Dodgers Dan Haren stays on schedule; wants to be ready for Australia just in case

MARYVALE, ARIZONA – At the end of the day it all worked out for Dan Haren, who was able to get his work in on Saturday as the Dodgers and Brewers narrowly avoided a rain out.

For most of the morning and early afternoon that was in major doubt, with rain hammering most of the Phoenix area and Spring Training games getting canceled throughout the region.

But Mother Nature cooperated for Haren, who made his first start of the spring and pitched two innings against the Brewers while giving up a run on three hits.

“We got lucky,” Haren said. “It was pouring on the way over here.”

Most importantly he was able to preserve his normal schedule, which is more critical this year than ever considering the Dodgers play two regular-season games in Australia on March 20th and 22nd – nearly two weeks earlier than usual – and with Zack Greinke’s status in doubt Haren might have to pitch the second game.

“Staying on track is important because there’s only three weeks before we have to be ready,” Haren said.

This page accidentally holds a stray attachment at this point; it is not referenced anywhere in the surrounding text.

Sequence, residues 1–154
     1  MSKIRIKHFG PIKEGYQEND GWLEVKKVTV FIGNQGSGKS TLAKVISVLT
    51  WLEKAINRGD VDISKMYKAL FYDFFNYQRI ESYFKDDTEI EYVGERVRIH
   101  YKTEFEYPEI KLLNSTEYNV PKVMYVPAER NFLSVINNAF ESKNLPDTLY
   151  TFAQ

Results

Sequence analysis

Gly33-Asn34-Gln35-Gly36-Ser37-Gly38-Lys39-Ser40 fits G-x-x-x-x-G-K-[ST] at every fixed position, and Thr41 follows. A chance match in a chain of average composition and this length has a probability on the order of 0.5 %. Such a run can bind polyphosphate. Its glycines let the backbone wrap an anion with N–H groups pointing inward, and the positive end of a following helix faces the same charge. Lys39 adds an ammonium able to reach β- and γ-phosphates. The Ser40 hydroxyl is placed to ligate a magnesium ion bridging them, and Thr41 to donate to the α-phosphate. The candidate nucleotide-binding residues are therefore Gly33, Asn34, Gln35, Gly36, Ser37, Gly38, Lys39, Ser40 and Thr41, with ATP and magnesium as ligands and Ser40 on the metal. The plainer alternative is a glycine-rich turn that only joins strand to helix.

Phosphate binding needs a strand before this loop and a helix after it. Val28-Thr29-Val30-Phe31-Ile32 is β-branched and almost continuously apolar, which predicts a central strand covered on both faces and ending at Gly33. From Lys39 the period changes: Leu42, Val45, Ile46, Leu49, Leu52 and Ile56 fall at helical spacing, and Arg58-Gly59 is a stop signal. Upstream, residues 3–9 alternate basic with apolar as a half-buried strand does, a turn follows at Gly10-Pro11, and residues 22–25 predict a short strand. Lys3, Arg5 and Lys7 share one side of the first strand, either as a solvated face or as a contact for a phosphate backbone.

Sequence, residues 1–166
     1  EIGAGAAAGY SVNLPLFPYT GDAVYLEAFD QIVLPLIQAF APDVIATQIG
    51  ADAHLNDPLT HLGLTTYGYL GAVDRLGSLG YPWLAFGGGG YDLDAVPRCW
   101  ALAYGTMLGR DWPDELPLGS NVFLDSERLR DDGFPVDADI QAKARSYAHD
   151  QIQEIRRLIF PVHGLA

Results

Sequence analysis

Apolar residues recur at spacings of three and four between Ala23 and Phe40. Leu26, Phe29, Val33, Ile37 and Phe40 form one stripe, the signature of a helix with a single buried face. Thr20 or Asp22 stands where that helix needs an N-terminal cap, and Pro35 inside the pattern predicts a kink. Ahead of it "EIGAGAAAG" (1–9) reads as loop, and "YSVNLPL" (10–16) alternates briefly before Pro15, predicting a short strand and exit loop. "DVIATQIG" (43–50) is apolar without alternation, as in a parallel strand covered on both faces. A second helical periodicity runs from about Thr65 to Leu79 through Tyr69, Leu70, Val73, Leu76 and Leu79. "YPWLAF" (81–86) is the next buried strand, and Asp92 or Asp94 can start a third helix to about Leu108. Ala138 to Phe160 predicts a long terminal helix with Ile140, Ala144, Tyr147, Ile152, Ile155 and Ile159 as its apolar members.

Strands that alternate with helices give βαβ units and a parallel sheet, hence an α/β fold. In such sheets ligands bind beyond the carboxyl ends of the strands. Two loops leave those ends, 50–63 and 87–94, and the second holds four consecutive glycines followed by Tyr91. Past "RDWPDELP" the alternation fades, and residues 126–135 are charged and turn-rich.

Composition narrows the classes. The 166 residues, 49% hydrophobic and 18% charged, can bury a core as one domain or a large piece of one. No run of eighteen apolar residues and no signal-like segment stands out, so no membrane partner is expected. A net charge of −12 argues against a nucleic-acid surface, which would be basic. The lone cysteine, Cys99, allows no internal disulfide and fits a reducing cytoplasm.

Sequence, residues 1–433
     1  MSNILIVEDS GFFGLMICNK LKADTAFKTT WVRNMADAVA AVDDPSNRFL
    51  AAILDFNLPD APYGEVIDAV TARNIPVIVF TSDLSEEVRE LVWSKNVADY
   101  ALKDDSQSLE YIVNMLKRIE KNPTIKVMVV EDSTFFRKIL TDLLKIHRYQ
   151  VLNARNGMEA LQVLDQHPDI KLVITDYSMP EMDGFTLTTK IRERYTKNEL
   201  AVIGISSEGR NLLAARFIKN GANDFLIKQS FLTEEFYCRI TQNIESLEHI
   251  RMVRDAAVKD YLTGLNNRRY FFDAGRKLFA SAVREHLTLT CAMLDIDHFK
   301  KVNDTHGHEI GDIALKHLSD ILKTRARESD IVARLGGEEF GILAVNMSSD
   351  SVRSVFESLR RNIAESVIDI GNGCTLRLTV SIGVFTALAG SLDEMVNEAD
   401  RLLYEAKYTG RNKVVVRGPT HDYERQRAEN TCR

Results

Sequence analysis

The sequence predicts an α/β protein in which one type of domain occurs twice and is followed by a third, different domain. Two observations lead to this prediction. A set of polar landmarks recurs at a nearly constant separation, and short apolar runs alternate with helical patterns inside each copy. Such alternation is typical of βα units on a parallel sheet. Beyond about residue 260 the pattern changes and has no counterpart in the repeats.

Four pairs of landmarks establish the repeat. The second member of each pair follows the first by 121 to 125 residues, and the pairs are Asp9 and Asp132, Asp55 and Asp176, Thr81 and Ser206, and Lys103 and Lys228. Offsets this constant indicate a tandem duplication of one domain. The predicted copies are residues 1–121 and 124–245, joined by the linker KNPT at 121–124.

Haren, a creature of habit, wasn’t exactly thrilled with the back-up plans had his start been altered by a postponement. Among the considerations were some sort of intersquad game or throwing on Sunday and coming back next week on short rest.

Thankfully the weather cleared in sufficient time to get a game in.

“I’m definitely happy I got it in because Plan B and C weren’t too appealing to me,” Haren said. “I’m definitely happy we got these done.”

Haren, incidentally, consulted with pitching coach Rick Honeycutt soon after signing with the Dodgers to work out a plan to be ready for the early start of the season.

“I asked him do I need to be prepared to throw on March 22nd or do I need to be prepared to throw on April 1st and 2nd and he told me to be prepared to throw on March 22nd because you never know,” Haren said.

As a result, Haren began his throwing program earlier than normal this winter. And with Greinke’s right calf injury potentially sidelining him for the two-game set in Australia, that turned out to be a prudent decision.

“I’m a little ahead of where I usually am,” Haren said.

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